How the Premier League is on course to pay the penalty more than ever before
Published 17/10/2016 | 15:11
Much was made over the weekend of the number of missed penalties in the Premier League this season, with Maarten Stekelenburg twice thwarting Manchester City from the spot to earn Everton a draw.
Christian Benteke also missed for Crystal Palace against West Ham, the ninth penalty failure already in the current Premier League season - but are players really missing at a significantly higher rate than past seasons?
Bournemouth's Junior Stanislas scored from 12 yards on Saturday, as did Charlie Austin and Sam Vokes in Sunday's game between Southampton and Burnley to lift the league total to 22 from 31 this term.
That 71 per cent conversion rate is still the lowest over the last 10 years of the English top flight, but is only one percentage point lower than the 2011-12 season when exactly 100 penalties were taken and 72 were successful.
The other seasons in that range have seen upwards of a 77 per cent conversion rate - peaking at 83.9 per cent in 2013-14 - although it was 75 per cent in 2005-06 and such relatively small fluctuations can easily be the product of pure chance.
The more striking statistical anomaly this term is the number of penalties awarded - 31 in only 79 matches so far, on pace for a massive 149 over the course of a full season. The highest tally in the previous 10 seasons was 112 in 2006-07, and only four times has the number reached three figures.
City's Sergio Aguero was the focal point of the weekend's debate after missing his fourth penalty in all competitions this season - two in the Champions League qualifier against Steaua Bucharest and one in Argentina's defeat to Paraguay last week.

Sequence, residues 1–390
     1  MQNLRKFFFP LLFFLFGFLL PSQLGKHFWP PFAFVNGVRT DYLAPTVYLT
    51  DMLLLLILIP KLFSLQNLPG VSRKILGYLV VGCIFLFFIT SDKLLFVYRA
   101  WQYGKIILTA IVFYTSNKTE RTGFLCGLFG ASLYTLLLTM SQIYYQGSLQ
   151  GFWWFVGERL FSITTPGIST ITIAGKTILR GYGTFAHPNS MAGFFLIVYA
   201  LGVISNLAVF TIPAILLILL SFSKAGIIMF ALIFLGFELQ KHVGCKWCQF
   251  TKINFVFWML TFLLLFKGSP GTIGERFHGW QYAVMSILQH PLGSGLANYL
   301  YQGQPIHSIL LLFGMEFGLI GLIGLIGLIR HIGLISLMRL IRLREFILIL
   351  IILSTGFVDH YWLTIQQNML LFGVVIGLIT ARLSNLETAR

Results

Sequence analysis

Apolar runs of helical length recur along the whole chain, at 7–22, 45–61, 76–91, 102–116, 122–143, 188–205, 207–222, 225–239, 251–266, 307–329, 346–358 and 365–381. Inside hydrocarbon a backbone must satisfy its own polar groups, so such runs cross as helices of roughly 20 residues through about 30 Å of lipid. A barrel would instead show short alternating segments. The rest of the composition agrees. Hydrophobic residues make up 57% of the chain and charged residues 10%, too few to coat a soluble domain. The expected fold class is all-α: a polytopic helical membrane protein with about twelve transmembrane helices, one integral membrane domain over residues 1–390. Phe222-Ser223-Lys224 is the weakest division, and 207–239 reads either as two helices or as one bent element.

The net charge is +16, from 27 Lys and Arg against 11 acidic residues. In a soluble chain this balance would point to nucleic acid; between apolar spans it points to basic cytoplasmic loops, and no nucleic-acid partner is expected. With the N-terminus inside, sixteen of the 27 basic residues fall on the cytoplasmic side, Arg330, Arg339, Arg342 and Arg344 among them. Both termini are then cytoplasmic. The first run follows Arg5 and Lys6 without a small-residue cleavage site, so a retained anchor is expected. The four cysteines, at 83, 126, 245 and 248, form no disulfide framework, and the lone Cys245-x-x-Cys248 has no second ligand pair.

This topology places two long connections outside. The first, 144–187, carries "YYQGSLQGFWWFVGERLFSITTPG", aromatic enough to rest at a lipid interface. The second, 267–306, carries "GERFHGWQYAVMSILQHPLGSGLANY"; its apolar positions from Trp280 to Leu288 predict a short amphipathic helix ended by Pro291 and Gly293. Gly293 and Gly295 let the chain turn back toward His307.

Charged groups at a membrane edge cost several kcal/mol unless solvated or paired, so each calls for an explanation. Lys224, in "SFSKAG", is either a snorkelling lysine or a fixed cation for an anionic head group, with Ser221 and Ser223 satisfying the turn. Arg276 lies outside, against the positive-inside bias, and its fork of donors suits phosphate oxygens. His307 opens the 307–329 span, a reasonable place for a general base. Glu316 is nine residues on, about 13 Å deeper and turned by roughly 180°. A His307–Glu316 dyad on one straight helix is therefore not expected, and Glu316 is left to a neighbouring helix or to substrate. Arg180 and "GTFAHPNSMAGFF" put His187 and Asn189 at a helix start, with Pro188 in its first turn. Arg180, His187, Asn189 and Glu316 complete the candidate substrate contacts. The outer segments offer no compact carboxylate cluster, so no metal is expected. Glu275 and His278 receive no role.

His all-time Premier League record, though, reads 17 penalty goals - tied for fourth in the Premier League over the last 10 years - from 21 attempts.
Among the 20 players to have taken 10 or more Premier League penalties in that time period, the Argentinean is slightly below average at 13th with an 81 per cent conversion rate.
That list is topped by former Liverpool and Fulham midfielder Danny Murphy (12 of 13, 92.3 per cent), with Chelsea's Eden Hazard (10 of 11) and Liverpool's James Milner (nine of 10) the other players at 90 per cent or above and Jermain Defoe and Jonathan Walters propping up the list, both with 10 goals from 15 attempts.
City's Yaya Toure and former Tottenham and Manchester United striker Dimitar Berbatov have taken the most penalties - nine - among players with 100 per cent records.
Kevin De Bruyne also saw his penalty saved against Everton but City as a team rank in the middle of the penalty conversion standings over the last 10 years - 20th out of the 37 teams to have played in the Premier League in that time, or a perfectly average 15th of 29 when looking at teams with at least 10 penalties on their record.
They have also taken the most, 69, with their 55 penalty goals just one behind Chelsea's league-high mark.
Swansea (17 of 18, 94.4 per cent) lead the way, followed by Watford with 10 out of 11. Chelsea, at 83.6 per cent, are the best among the regular title challengers.
Saido Berahino's two missed penalties in last season's loss to Watford contribute to West Brom being the worst from the spot among the 20 current Premier League teams - 21 goals from 34 attempts, or 61.8 per cent.
Only Blackburn (22 of 36), Portsmouth (11 of 20) and QPR (seven of 13), along with Sheffield United and Derby from five and one attempts respectively, have worse records.